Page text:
AMSJ » MINE SAFETY RESEARCH

Category - MINE SAFETY RESEARCH

Mine safety research seeks to evaluate and quantify condition affecting the health and safety of mine workers. AMSJ regularly features a range of research articles that contribute to the global discussion and body of knowledge on the health and safety of mine workers and the communities where they live.

Our page provides summaries and links to the latest cutting-edge research and provides a forum for researchers to share their findings with the mining community.

Australasian Mine Safety Journal provides links to the world’s leading research providers, research funding organisations, research related conferences and other related bodies.

Research areas of interest to our readership extend across emerging issues in mine safety and health including FIFO, human-machine interactions (proximity detection), management of dust, the effects of automation on mining safety and health, programmable electronic systems in safety and health, malware and software issues that may affect workers, remote operations centre health and safety, refuge and shelter in underground mines.

We welcome contributions from leading safety and health researchers.

workplace culture sexual harassment

Workplace culture must change on sexual harassment

Instead of waiting until someone has been sexually harassed, employers should be required to change their culture proactively, Monash University researchers say.To complicate matters further...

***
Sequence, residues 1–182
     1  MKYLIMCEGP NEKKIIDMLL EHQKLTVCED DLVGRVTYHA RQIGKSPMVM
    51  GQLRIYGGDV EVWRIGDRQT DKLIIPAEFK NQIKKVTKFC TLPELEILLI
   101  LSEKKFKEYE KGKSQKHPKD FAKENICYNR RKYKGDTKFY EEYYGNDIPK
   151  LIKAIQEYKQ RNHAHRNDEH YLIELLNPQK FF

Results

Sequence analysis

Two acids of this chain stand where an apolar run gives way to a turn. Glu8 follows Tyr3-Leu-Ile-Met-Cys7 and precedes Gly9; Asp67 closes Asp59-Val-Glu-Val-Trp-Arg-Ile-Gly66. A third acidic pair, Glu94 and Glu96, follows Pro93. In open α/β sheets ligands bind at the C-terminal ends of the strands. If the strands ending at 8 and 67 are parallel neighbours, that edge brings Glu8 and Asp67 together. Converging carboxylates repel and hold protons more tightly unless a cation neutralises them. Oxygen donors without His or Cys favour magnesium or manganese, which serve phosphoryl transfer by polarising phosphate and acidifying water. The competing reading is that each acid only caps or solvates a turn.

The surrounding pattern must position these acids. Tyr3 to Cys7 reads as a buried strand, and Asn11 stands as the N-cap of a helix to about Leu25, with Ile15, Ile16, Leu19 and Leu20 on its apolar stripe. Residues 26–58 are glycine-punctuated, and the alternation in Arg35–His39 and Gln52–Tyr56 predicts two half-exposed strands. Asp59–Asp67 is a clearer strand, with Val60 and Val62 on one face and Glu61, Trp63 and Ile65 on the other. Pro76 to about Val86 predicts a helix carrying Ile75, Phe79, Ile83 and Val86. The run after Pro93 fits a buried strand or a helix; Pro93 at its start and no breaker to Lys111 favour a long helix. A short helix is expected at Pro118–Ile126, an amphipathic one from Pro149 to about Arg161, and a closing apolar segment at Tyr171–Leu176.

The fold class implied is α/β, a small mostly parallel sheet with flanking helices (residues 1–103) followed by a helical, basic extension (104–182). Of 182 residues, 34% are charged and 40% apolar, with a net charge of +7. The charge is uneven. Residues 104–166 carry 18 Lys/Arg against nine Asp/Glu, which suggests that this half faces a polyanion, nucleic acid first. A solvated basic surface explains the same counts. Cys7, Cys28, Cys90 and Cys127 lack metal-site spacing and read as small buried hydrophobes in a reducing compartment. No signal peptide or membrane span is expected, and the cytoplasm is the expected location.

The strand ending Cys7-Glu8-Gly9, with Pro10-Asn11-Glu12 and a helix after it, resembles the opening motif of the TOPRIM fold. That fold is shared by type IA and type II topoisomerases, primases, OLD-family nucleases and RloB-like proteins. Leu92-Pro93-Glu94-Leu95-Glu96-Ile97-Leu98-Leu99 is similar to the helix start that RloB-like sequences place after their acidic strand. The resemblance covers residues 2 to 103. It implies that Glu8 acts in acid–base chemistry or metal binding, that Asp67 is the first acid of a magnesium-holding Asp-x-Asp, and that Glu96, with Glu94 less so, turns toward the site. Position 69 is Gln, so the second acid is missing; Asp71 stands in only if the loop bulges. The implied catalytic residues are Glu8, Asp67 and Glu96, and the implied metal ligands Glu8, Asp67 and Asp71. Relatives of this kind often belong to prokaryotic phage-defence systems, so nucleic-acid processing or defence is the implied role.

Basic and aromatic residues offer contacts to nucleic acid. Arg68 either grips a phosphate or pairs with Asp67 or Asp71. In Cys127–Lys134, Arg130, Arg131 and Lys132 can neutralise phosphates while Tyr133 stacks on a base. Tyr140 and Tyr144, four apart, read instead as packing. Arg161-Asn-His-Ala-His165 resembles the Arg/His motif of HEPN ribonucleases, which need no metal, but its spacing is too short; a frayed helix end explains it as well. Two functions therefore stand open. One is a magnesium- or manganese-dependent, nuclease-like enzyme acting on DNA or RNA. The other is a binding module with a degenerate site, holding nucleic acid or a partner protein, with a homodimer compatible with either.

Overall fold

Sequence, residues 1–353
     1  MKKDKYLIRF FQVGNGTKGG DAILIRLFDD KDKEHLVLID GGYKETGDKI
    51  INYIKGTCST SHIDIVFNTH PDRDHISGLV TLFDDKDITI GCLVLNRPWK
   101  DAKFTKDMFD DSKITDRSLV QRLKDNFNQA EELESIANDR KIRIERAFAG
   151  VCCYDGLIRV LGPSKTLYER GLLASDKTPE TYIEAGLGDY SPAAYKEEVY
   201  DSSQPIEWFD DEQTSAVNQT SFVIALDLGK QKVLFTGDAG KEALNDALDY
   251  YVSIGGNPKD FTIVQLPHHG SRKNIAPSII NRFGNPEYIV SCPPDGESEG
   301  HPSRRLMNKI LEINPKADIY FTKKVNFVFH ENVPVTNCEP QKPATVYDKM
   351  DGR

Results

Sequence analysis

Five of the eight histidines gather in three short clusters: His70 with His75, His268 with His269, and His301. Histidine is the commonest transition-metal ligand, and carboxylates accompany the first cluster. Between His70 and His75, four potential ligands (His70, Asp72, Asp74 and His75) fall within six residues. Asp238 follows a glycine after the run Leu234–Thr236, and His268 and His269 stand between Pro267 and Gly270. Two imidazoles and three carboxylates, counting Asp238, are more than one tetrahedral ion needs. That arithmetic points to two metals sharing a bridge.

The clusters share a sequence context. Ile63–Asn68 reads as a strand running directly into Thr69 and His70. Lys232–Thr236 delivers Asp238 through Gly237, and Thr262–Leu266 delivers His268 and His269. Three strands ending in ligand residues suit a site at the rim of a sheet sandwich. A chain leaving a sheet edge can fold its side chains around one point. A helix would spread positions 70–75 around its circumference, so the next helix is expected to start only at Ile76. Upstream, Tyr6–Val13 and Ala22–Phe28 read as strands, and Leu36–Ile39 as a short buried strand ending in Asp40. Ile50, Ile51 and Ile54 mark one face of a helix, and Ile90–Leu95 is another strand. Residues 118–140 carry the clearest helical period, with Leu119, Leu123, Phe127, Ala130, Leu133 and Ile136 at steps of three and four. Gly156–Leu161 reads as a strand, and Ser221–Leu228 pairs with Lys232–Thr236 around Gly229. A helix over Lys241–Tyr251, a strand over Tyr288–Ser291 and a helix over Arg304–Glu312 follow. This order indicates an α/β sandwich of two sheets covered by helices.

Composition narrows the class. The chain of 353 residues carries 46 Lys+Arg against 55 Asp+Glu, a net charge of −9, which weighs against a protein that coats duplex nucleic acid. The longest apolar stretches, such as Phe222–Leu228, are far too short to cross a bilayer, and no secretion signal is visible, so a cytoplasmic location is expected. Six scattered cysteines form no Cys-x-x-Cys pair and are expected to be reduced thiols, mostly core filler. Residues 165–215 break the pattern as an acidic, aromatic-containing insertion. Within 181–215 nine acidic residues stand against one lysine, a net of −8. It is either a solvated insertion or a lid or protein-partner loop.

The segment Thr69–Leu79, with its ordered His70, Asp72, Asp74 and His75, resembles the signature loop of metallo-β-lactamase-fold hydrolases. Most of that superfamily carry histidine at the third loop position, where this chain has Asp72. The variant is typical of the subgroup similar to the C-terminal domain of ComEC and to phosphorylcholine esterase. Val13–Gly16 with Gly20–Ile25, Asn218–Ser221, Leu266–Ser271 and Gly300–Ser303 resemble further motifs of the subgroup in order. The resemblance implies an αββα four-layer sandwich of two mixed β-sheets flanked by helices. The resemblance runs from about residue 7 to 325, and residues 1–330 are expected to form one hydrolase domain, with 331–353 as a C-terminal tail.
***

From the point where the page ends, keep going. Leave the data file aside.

technology assisting workplaces to prevent injuries-min

Technology assisting workplaces to prevent injuries

A new range of connected wearable technologies may be already improving safety across the mining industry. Serious workplace injuries and illnesses cost the Australian economy an estimated $61.8...

life of COVID-19 on surfaces

Life of COVID-19 on surfaces

Researchers in the USA have determined the life of COVID-19 (SARS-CoV-2) on surfaces and aerosols including copper, cardboard, stainless steel and plastic. KEY POINTS COVID-19 can remain present...

Coal dust in mining communities may be contributing to workplace exposures

Coal dust exposure may be underestimated

Research from a James Cook University scientist has revealed that current exposure standards of workplace coal dust fail to take into account of environmental exposures in mining communities. The...

global database of mine tailings storage facilities now available

Global database of mine tailing storage facilities

Environmental organisation GRID-Arendal with support from the UN Environment Program has launched the world’s first publicly accessible global database of mine tailings storage...

coal dust research on effects of nano particles

Coal dust research to focus on nano particles

Pennsylvania State University researchers in the Department of Energy and Mineral Engineering have received a USD$400,000 grant from the Centers for Disease Control and Prevention’s National...

AMSJ Winter 2020